Originally Posted by alikair
Thanks for the reply Gannon, I did take the negative aspects of raising my seat into consideration. There is only one way to find out. well two if you count surgically adding 3 inches to my torso. BTW how well would you be able to roll if your boat was 3 inches taller on the sides and back?
Don't listen to Hojo as his radius of gyration is small while he gets shaded in class II holes
We honestly have to make a few "uncontrolable assumptions."
Adding 3 in...I assume you're talking a bigger boat. There are two issues. you will have more boat scraping the water during the roll which is actually called "skin friction." However, this fluid drag force is very minimal and you should barely be able to notice a difference. Expecting a reply from Hojo on that one!
The second: imagine standing in a pool and jumping onto an inner tube...now add 3 in to the height of the tube. Takes a little more jump. Well if you're upside down and trying to roll up (jumping upright) your going to have to add a little oomph to get yourself up as you rotate around a larger circumference. Roll a few boats and you'll notice that some feel easier than others. Well within that circumference is a volumn of water that must be displaced during the roll. Again the physics seem a little overkill. But you are using your roll technique to "exchange" from one balanced position (upside down) that displaces a certain volumn of water for another position (right side up) which should diaplace more water due to the different densities of the submerged parts (i.e., upside down = you plus little boat vs rightside up = only boat). Think of it in terms of the center of mass of you + kayak + paddle upside down vs right side up. The COM is higher relative to the surface of the water in the upright position.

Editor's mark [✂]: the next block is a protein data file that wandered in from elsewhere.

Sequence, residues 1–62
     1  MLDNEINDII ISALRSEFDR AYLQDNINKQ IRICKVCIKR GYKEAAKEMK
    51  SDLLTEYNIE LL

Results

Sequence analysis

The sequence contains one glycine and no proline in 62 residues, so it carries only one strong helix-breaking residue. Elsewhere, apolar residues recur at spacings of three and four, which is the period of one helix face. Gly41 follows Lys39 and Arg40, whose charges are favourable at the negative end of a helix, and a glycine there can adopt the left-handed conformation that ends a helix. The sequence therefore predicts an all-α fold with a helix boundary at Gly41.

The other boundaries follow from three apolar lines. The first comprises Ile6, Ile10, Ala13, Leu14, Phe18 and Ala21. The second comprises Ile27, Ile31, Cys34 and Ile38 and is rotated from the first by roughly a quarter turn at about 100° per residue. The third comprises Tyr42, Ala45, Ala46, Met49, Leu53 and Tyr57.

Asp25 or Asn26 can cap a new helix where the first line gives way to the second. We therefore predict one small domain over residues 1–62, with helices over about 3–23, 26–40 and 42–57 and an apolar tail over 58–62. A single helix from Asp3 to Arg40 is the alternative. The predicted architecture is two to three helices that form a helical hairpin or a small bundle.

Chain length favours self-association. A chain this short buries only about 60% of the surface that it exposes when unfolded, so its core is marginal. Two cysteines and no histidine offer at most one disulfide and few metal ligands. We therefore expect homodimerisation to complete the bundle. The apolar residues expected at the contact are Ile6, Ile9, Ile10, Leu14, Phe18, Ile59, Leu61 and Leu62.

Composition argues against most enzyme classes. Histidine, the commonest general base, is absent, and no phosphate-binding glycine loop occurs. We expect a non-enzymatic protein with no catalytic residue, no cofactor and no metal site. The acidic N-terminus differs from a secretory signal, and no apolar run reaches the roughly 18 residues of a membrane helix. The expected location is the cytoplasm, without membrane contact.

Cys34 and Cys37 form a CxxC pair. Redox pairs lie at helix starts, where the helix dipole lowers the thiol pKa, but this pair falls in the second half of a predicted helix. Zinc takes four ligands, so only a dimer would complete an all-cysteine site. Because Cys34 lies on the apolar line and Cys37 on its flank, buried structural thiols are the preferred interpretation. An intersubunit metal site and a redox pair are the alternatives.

WOW is that overkill! The easy test is to just adjust your seat an inch or two and try a few rolls...go to a surf hole and see how it rides. Just try out some stuff! Easy class II or III stuff...You can run safety for Hojo!